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9 years ago
Use Analytics to Improve Operations and Energy Efficiency


Big data and predictive analytics are being used by business and industry to make changes and improve processes and operations in big ways. From handling 50 billion Facebook photos to decoding the human genome, the practical applications of big data are as diverse as they are exciting.

When it comes to facilities management and energy efficiency, big data is helping companies make changes that increase profits, improve operations, and reduce their carbon footprints.

Even with all the focus on financial growth, we often fail to recognize that growth can occur only if operations are efficient and harmonized with energy usage to reduce the total cost of operations.

Energy Metering and Monitoring

Since the 1880s, we have been metering the energy consumption of our buildings in much the same way. A century later, in the 1980s, submetering was introduced, mainly for the property management sector. For example, an owner of a shopping center could install submeters on each store and bill each one for its actual energy consumption.

Today, with the advent of big data, we are taking the concept of submetering to whole new levels. We are now using device-level submeters coupled with big data analytics as an engine for real time operational efficiency and system performance management.

As we transition from metering buildings to monitoring systems and devices, we can now measure more systems and operations, tie our financial goals to our energy goals, and gain visibility into all systems running an organization. Real-time energy data provides true insight into operations and, as a result, many opportunities avail themselves.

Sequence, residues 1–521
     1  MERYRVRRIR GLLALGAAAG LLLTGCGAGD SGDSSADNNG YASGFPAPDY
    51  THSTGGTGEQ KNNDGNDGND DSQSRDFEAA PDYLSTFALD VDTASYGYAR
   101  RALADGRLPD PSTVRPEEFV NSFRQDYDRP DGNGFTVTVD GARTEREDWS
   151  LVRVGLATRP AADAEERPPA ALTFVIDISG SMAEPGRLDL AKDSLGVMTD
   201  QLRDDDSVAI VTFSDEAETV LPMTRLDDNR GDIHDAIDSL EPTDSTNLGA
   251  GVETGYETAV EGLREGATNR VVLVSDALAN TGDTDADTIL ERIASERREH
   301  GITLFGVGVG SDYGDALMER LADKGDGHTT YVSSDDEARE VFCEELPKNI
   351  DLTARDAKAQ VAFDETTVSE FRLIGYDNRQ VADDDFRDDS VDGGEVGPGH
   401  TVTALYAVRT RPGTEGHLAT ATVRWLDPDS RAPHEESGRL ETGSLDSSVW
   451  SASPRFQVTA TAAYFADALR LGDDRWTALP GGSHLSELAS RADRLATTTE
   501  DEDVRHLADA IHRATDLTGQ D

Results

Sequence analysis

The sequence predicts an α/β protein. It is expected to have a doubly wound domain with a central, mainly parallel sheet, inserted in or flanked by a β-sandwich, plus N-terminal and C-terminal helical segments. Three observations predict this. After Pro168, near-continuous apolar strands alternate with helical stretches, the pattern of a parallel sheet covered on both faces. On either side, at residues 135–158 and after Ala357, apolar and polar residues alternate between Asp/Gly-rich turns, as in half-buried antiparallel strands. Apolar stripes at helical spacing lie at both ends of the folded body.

Opportunities Available through Energy Monitoring

When companies use systems that monitor the energy consumption of all their systems and devices, then use a big data engine to collect and analyze that information, the following happens:

Improved Operations. The combination of granular visibility into systems and devices, coupled with big-picture analytics and insights, enables companies to increase operational efficiencies and reduce costs. For example, device-level monitoring can identify incorrect scheduling of a building automation system on specific devices, like lights, in order to avoid energy consumption during off hours.

Advanced Failure Detection. When we monitor the energy-consumption patterns of devices and benchmark them against similar devices and locations, we get real-time maintenance alerts that enable us to avoid unexpected failures of devices, equipment, and systems. Identifying unseen problems and predicting failures before they happen saves thousands of dollars in wasted energy, equipment failures, and maintenance costs.